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Genetic Correlation to Olfactory Bulb Structure in Males of Different Mink Races (Neovison vison var. spec.)

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Weiler,  E
Department Physiology of Cognitive Processes, Max Planck Institute for Biological Cybernetics, Max Planck Society;
Max Planck Institute for Biological Cybernetics, Max Planck Society;

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Bennegger, W., & Weiler, E. (2017). Genetic Correlation to Olfactory Bulb Structure in Males of Different Mink Races (Neovison vison var. spec.). Poster presented at 39th Annual Meeting of the Association for Chemoreception Sciences: AChemS XXXIX, Bonita Springs, FL, USA.


Cite as: http://hdl.handle.net/21.11116/0000-0000-C4E7-E
Abstract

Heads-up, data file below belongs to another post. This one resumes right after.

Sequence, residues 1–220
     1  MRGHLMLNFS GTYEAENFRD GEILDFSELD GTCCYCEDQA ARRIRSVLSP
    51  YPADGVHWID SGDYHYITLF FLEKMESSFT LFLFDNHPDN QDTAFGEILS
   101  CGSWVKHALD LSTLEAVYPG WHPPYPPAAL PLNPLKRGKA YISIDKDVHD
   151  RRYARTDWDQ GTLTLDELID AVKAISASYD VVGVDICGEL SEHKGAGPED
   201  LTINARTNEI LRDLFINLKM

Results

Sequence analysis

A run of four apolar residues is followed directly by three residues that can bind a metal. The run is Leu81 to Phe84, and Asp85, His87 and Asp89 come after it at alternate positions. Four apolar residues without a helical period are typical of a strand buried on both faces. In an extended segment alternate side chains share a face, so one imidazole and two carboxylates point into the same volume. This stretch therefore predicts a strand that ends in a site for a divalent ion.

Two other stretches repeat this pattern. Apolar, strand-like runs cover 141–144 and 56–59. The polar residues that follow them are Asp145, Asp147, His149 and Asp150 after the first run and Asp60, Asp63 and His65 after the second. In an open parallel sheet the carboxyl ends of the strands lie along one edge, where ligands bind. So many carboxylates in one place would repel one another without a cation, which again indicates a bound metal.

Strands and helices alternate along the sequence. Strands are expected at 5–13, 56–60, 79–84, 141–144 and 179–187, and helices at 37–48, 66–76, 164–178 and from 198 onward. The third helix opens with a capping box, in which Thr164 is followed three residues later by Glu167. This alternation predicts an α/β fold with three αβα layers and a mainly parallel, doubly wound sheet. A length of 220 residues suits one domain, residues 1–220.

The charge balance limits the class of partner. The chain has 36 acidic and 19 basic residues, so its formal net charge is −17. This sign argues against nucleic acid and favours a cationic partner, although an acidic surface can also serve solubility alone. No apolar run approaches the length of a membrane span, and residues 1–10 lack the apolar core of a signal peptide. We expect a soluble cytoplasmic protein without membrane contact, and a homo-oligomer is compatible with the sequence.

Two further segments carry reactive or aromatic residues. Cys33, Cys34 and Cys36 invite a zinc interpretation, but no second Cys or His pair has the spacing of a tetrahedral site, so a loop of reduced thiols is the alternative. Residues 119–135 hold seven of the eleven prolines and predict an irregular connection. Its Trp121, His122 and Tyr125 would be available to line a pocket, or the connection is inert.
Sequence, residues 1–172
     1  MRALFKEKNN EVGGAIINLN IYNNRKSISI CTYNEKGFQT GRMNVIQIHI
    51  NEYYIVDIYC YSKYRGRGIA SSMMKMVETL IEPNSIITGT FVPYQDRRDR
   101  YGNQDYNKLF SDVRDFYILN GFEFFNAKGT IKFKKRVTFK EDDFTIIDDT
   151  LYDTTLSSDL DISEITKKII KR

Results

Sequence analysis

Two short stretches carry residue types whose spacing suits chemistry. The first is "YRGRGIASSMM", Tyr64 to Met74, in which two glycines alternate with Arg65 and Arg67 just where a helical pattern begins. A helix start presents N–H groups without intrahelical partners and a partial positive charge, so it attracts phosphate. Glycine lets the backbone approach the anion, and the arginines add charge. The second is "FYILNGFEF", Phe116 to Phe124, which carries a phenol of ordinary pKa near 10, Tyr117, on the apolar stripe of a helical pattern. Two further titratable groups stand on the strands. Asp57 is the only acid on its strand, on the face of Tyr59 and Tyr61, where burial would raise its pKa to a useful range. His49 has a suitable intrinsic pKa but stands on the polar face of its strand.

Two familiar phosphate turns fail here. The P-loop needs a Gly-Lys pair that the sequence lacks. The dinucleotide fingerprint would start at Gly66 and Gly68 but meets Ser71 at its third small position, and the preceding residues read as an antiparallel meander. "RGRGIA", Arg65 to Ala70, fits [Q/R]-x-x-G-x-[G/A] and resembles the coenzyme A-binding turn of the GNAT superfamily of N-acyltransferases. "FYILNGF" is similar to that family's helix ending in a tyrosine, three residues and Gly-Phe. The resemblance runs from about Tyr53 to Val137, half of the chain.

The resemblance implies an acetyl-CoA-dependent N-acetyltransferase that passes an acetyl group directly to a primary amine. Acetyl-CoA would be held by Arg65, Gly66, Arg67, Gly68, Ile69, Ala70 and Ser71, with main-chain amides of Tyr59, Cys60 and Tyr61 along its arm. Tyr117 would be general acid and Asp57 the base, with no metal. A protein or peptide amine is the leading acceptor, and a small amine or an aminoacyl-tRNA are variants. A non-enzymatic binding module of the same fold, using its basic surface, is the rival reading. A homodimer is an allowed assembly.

Genes define the structure and function of the body and brain. Genetic alterations result sometimes in unexpected changes, for example albinism is not only a modification of the coat color but has also an effect on neuronal wiring. Several species are bred specifically for coat colors, such as the American mink. Therefore we were interested, if color mutations in the mink have an effect on the organization of the olfactory bulb, an evolutionary old structure. We investigated adult males of different coat color varieties of the American mink: “standard” (Neovison vison var. atratus), “silverblue” (Neovison vison var. glaucus), “pastel” (Neovison vison var. suffuscus), “wild” (Neovison vison var. carinum) for the absolute volumes of the olfactory bulb layers using a morphometric system. The results reveal significant differences among the color varieties, especially Neovison vison var. glaucus (g) shows differences compared to either Neovison vison var. suffuscus (s) or Neovison vison var. atratus (a) or both, in absolute volume of the glomerular layer (g: 18.1 mm3; s: 23.0 mm3; a: 21.7 mm3), the external plexiform layer (g: 29.4 mm3; s: 35.8 mm3), the mitral cell layer (g: 4.4 mm3; a: 7.2 mm3) and the stratum album (g: 11.8 mm3; s: 16.3 mm3), whereas there was no significant difference in any of the layers compared to Neovison vison var. carinum. Neovison vison var. glaucus is characterized by the modification of the recessive gene (pp), with the genetic modification affecting the myosin- and actin-binding domains – also responsible for intracellular vesicle transport – an important process for neuronal wiring. Thus, our results stronlgy indicate that the genes responsible for pigmentation also define the neuronal structure.